The Uighurs are a Turkic Muslim group who have a distinct culture and history, including the declaration of two short-lived independent republics, both known as East Turkestan, in the first half of the 20th century.
Nearly 11 million Uighurs (equivalent to the populations of Denmark and Norway combined) live in Xinjiang in the far northwest of China, an arid region of mountains and expansive steppes. Smaller groups are found across Central Asia. Scholars say Uighur identity developed over centuries around oasis towns.
In recent years, the Chinese government has launched a crackdown on Uighurs and other ethnic minorities in Xinjiang, including sweeping surveillance, mass detentions and forced assimilation. Video cameras and police checkpoints keep citizens under constant watch.
The lucky among the Uighurs, who number some 11 million in total, are trapped in an inescapable web of surveillance and oppression. The unlucky ones, numbering perhaps 1 million, are interned in ideological indoctrination camps where they are exploited as slave labor, tortured, and, according to recent reports, subjected to forced sterilizations.
U.S. Secretary of State Mike Pompeo denounced China’s treatment of Uighurs as the “stain of the century.”
What motive can China have for its ongoing torment of a small ethnic minority, which brings Beijing an ongoing avalanche of negative publicity in the West?
Xi’s policy flows, the experts tell us, from Beijing’s fear of terrorist and separatist movements among the Uighurs, who are a Turkic Muslim people with ethnic and religious ties to their neighbors and to Turkey.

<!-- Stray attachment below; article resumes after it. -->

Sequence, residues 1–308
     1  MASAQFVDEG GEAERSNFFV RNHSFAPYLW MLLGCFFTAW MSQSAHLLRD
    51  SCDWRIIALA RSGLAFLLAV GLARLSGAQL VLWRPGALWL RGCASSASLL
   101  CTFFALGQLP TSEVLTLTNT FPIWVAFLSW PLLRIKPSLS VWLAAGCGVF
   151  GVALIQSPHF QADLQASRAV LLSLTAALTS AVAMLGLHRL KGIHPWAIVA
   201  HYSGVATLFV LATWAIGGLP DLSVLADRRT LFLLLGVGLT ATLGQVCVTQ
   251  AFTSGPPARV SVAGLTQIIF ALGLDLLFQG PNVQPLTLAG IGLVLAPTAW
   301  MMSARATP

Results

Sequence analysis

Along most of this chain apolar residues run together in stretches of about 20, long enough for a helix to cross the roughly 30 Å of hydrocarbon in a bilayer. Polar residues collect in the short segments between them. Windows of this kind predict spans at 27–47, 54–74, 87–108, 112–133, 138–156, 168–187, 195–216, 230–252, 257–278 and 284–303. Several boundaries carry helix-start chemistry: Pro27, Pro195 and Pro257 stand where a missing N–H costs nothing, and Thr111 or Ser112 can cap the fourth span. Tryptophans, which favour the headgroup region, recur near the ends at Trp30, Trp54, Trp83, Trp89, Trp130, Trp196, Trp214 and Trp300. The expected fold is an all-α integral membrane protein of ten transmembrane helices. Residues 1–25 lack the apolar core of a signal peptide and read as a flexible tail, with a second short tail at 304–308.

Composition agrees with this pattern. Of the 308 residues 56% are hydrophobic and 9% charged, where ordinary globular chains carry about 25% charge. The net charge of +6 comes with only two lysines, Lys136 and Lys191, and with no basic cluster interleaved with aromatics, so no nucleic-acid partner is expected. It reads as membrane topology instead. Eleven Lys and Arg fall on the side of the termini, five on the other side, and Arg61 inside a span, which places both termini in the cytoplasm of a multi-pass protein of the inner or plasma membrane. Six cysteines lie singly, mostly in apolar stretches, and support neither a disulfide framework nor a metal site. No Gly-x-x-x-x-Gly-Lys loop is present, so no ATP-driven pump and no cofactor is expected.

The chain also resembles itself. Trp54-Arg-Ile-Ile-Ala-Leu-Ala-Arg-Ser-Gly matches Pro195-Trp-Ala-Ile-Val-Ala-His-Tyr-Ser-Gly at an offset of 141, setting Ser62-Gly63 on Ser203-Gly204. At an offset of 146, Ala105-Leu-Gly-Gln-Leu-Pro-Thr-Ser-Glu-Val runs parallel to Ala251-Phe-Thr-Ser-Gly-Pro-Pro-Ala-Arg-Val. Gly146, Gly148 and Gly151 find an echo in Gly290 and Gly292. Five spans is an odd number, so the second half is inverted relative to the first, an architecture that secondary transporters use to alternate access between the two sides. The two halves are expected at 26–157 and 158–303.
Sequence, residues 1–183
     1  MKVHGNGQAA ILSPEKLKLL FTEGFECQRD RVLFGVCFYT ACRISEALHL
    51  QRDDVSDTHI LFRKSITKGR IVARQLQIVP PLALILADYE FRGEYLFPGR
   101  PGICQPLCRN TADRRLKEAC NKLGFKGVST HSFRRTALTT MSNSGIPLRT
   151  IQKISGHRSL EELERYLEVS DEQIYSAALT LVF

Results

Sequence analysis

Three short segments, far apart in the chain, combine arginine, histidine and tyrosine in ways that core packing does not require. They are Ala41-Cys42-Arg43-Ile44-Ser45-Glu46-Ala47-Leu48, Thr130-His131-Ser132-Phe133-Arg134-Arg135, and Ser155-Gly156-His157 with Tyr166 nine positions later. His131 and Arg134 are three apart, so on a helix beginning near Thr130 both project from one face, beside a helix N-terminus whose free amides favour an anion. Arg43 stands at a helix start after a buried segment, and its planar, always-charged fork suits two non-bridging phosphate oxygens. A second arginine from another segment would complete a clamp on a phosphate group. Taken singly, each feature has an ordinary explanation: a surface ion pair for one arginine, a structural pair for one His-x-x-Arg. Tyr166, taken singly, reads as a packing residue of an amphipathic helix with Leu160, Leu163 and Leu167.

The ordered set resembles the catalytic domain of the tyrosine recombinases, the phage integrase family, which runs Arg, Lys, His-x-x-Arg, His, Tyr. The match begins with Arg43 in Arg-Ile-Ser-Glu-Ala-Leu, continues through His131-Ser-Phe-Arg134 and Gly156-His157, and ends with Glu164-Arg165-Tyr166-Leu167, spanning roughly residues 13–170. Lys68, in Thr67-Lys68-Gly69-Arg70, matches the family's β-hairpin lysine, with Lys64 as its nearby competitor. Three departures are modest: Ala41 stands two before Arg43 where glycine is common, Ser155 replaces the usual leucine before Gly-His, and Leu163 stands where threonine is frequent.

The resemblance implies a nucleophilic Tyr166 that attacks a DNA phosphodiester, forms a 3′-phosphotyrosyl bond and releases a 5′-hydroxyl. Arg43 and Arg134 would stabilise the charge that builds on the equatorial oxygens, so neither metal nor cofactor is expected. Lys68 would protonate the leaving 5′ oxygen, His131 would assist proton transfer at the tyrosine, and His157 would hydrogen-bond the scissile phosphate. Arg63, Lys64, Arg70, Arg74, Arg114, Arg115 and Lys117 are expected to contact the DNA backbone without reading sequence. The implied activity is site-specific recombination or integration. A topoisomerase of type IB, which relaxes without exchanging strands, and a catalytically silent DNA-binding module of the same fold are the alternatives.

Whatever the validity of this analysis, it misses the strategic vector, which again points directly to the Middle East.
Xi’s signature foreign policy achievement is the One Belt, One Road Initiative, a $1 trillion program that invests in infrastructure projects across the world designed to funnel resources back to a hungry China, thereby creating a global Chinese sphere of interest.
The jewel in the crown of the One Belt, One Road initiative is the China-Pakistan Economic Corridor—a multibillion-dollar program to build highways, rail lines, and pipelines from the port of Gwadar on the Indian Ocean to Xinjiang, the Uighur heartland.
The northern terminus of the corridor is Kashgar—a Uighur city which, with cameras in every crevice, is likely the most surveilled metropolitan area in the world.
China is crushing the Uighurs, in other words, because their territory sits athwart China’s critical overland supply routes.
How determined is China in its advance toward the Middle East? Determined enough to commit genocide.
What are we in the U.S. doing to protect ourselves against this growing threat?
See the next article about China in the Middle East coming soon, here in China News.
Banner image by Greg Baker, Getty Images: A Chinese military honor guard marches off after greeting Laotian President Bounnhang Vorachith (not seen) on his arrival at Beijing airport to attend the Belt and Road Forum, on April 25, 2019.
Article based on the report China's Emerging Middle Eastern Kingdom, by Hudson Institute Senior Fellows Michael Doran and Peter Rough, published in Tablet.